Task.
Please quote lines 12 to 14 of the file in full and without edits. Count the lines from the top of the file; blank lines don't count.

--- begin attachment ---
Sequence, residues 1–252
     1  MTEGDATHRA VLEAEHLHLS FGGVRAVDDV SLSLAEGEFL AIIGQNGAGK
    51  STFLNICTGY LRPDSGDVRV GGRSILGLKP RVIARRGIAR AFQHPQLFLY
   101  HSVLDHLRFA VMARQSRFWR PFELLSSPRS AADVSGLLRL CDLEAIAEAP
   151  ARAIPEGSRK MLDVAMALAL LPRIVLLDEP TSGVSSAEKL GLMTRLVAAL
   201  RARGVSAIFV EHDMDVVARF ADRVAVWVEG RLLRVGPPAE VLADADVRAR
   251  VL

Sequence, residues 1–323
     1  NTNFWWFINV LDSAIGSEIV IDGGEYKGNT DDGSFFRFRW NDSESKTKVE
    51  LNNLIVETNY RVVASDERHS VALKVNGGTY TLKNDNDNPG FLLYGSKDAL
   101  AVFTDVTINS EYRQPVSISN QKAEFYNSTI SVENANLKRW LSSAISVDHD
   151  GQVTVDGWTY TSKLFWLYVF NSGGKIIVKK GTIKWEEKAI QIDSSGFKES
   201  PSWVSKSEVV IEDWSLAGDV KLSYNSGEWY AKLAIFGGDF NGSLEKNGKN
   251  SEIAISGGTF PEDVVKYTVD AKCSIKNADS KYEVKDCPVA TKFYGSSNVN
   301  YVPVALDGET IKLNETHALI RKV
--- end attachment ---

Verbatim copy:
   151  GQVTVDGWTY TSKLFWLYVF NSGGKIIVKK GTIKWEEKAI QIDSSGFKES
   201  PSWVSKSEVV IEDWSLAGDV KLSYNSGEWY AKLAIFGGDF NGSLEKNGKN
   251  SEIAISGGTF PEDVVKYTVD AKCSIKNADS KYEVKDCPVA TKFYGSSNVN